## Credit Risk Valuation: Methods, Models, and ApplicationsCredit risk is an important consideration in most financial transactions. As for any other risk, the risk taker requires compensation for the undiversifiable part of the risk taken. In bond markets, for example, riskier issues have to promise a higher yield to attract investors. But how much higher a yield? Using methods from contingent claims analysis, credit risk valuation models attempt to put a price on credit risk. This monograph gives an overview of the current methods for the valu ation of credit risk and considers several applications of credit risk models in the context of derivative pricing. In particular, credit risk models are in corporated into the pricing of derivative contracts that are subject to credit risk. Credit risk can affect prices of derivatives in a variety of ways. First, financial derivatives can be subject to counterparty default risk. Second, a derivative can be written on a security which is subject to credit risk, such as a corporate bond. Third, the credit risk itself can be the underlying vari able of a derivative instrument. In this case, the instrument is called a credit derivative. Fourth, credit derivatives may themselves be exposed to counter party risk. This text addresses all of those valuation problems but focuses on counterparty risk. The book is divided into six chapters and an appendix. Chapter 1 gives a brief introduction into credit risk and motivates the use of credit risk models in contingent claims pricing. |

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### Contents

Introduction | 1 |

12 Objectives | 8 |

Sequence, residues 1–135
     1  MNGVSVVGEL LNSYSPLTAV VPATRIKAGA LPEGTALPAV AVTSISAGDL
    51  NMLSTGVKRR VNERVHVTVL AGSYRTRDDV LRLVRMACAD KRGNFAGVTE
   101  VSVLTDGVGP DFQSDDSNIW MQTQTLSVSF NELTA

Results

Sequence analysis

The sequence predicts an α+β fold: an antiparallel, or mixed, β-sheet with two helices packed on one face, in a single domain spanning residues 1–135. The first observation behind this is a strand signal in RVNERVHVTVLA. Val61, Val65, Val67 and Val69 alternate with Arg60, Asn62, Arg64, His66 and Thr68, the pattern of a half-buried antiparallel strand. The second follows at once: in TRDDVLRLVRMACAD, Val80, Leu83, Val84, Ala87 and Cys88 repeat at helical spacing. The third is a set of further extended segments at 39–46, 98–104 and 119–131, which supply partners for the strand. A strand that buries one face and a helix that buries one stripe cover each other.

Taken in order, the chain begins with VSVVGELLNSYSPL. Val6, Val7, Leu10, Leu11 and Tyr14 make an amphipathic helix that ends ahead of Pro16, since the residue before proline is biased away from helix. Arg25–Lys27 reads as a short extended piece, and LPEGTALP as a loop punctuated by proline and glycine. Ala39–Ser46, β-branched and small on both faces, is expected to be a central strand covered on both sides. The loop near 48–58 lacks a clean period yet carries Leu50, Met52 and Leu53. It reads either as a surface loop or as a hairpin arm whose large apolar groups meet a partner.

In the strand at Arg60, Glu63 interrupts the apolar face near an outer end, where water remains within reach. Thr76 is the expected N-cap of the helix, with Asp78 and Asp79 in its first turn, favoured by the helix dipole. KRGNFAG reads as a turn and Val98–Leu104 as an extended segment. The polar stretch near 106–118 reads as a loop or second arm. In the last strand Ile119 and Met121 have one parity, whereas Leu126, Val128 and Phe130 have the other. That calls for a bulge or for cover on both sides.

13 Structure | 10 |

Contingent Claim Valuation | 13 |

21 Valuation in Discrete Time | 14 |

22 Valuation in Continuous Time | 18 |

23 Applications in Continuous Time | 25 |

24 Applications in Discrete Time | 41 |

54 Recovering Observed Term Structures | 158 |

55 DefaultFree Options on Risky Bonds | 160 |

56 Numerical Examples | 162 |

57 Computational Cost | 169 |

58 Summary | 171 |

Pricing Credit Derivatives | 173 |

61 Credit Derivative Instruments | 174 |

62 Valuation of Credit Derivatives | 176 |

25 Summary | 45 |

Credit Risk Models | 47 |

32 Pricing Derivatives with Counterparty Risk | 66 |

33 Pricing Credit Derivatives | 70 |

34 Empirical Evidence | 73 |

35 Summary | 74 |

A Firm Value Pricing Model for Derivatives with Counterparty Default Risk | 77 |

42 Deterministic Liabilities | 79 |

43 Stochastic Liabilities | 85 |

44 Gaussian Interest Rates and Deterministic Liabilities | 90 |

45 Gaussian Interest Rates and Stochastic Liabilities | 96 |

46 Vulnerable Forward Contracts | 99 |

47 Numerical Examples | 100 |

48 Summary | 113 |

49 Proofs of Propositions | 115 |

A Hybrid Pricing Model for Contingent Claims with Credit Risk | 139 |

52 Implementations | 147 |

53 Prices of Vulnerable Options | 157 |

63 The Compound Pricing Approach | 181 |

64 Numerical Examples | 187 |

65 Pricing Spread Derivatives with a ReducedForm Model | 192 |

66 Credit Derivatives as Exchange Options | 196 |

67 Credit Derivatives with Counterparty Default Risk | 203 |

68 Summary | 213 |

Conclusion | 215 |

71 Summary | 216 |

72 Practical Implications | 218 |

Useful Tools from Martingale Theory | 221 |

A2 Process Classes | 223 |

A4 Brownian Motion | 225 |

A5 Stochastic Integration | 227 |

A6 Change of Measure | 231 |

References | 235 |

245 | |

Index | 247 |

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### Common terms and phrases

American options approach arbitrage assumed bankruptcy process bivariate Black-Scholes bond options bond price call option Chapter compound option contingent claim correlation counterparty default risk counterparty risk credit derivatives credit risk model credit spread options credit-risky bonds debt default intensity default-free options defined denotes deterministic interest rates evaluated example exchange option exogenous expression firm value model firm's assets forward contract forward price forward rates geometric Brownian motion Girsanov's theorem given implies indicator functions intensity models Jarrow Jarrow and Turnbull lattice maturity measure Q Merton money market account numeraire obtain option prices parameters passage time models price process Price reductions pricing formulae put option recovery rate risk-free risk-neutral measure riskless risky bond Section short rate specification spread derivatives stochastic interest rates strike price swap Table term structure trading strategy underlying valuation variable Vasicek volatility function vulnerable options yield spread zero zero-coupon bond